Term of Award

Summer 2011

Degree Name

Master of Science in Applied Engineering (M.S.A.E.)

Document Type and Release Option

Thesis (open access)

Copyright Statement / License for Reuse

Creative Commons License
This work is licensed under a Creative Commons Attribution 4.0 License.


Department of Mechanical Engineering

Committee Chair

Valentin Soloiu

Committee Member 1

Anoop Desai

Committee Member 2

Gustav Molina

Committee Member 3

Norman Schmidt

Committee Member 3 Email



Author's abstract: To meet evolving standards set forth by the U.S. EPA and U.S. Energy Policy it is necessary to consider a variety of feedstock for biofuels synthesis and to understand the role individual fatty acids contribute to the overall performance. It is the belief of the authors that excess peanut production would provide an excellent source for high quality biodiesel feedstock, and the complete property and combustion analysis of the fatty acid components will provide insight for future biofuel developments. The preliminary investigations of the project focused on the combustion performance and thermal efficiency of peanut FAME and its main FAME component the methyl oleate using a single cylinder naturally aspirated compression ignition engine. The ignition delay at 2200 rpm, 4.78 bmep (100% load) remained constant for all biodiesel-diesel blends tested. The rate of heat release for 50 % peanut FAME diesel blend (P50) reached a slightly higher maximum of 20.0 J/Crank Angle Degrees (CAD) D100 at 17.5 J/CAD. The heat release rate for O50 attained a slightly lower maximum at 15.5 J/CAD versus 17.5 J/CAD for D100. The combustion duration decreased by approximately 5 CAD from D100 to P50 and O50. The analysis of mechanical efficiency while operating with peanut FAME diesel blends indicated a 4 % loss over the transition from D100 to P50. The engine's mechanical efficiency using O50 decreased by 8 % compared to D100 and the overall efficiency of the engine remained constant for all tested fuels at the same speed and bmep. Preliminary findings support peanut FAME as a viable option when blended and used with diesel engines and begins to account the effect methyl oleate has on the performance of the full bodied peanut FAME.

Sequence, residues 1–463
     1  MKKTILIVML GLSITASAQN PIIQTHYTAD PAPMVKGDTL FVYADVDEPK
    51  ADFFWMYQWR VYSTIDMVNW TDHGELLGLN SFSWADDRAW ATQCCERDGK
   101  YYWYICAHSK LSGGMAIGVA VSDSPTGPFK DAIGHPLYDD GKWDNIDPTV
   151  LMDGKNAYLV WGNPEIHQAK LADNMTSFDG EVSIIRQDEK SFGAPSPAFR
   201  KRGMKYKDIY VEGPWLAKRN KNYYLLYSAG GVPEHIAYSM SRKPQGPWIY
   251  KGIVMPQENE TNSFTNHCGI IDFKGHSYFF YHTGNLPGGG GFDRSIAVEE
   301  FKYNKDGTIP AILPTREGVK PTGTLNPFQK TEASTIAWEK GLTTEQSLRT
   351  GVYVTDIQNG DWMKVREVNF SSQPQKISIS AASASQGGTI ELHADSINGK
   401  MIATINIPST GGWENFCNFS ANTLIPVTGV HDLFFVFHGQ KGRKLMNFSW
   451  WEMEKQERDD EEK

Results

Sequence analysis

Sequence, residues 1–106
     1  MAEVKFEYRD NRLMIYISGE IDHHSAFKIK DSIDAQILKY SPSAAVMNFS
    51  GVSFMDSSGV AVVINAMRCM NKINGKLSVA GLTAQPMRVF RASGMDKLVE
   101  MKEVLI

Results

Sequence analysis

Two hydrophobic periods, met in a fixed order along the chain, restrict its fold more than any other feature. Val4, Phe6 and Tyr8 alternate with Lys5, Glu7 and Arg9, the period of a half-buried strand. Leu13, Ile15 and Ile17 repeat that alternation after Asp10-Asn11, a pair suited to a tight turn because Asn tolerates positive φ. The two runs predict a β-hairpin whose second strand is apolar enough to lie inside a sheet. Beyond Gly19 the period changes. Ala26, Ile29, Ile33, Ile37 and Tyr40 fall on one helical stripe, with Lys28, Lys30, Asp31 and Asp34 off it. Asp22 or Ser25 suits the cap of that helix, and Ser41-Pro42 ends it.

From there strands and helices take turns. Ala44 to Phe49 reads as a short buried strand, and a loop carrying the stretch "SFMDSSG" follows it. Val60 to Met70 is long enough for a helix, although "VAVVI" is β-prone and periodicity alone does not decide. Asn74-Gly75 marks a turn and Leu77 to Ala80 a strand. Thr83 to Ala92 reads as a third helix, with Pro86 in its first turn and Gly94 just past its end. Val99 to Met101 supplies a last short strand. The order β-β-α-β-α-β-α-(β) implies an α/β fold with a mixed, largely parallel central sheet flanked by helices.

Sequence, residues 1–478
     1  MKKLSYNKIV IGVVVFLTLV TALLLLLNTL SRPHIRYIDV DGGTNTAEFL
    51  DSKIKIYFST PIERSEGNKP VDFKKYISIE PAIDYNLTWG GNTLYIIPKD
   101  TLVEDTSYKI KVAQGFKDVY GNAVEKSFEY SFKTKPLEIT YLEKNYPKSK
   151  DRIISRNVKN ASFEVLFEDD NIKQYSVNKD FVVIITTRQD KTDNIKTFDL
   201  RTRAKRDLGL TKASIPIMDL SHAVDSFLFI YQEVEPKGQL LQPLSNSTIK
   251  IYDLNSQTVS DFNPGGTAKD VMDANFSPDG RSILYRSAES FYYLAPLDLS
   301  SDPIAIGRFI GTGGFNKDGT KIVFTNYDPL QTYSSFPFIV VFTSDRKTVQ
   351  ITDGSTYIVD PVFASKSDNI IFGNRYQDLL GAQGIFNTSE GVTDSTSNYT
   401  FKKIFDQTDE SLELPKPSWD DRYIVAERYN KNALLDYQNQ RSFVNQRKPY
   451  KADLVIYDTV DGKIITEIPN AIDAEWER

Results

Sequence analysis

Research Data and Supplementary Material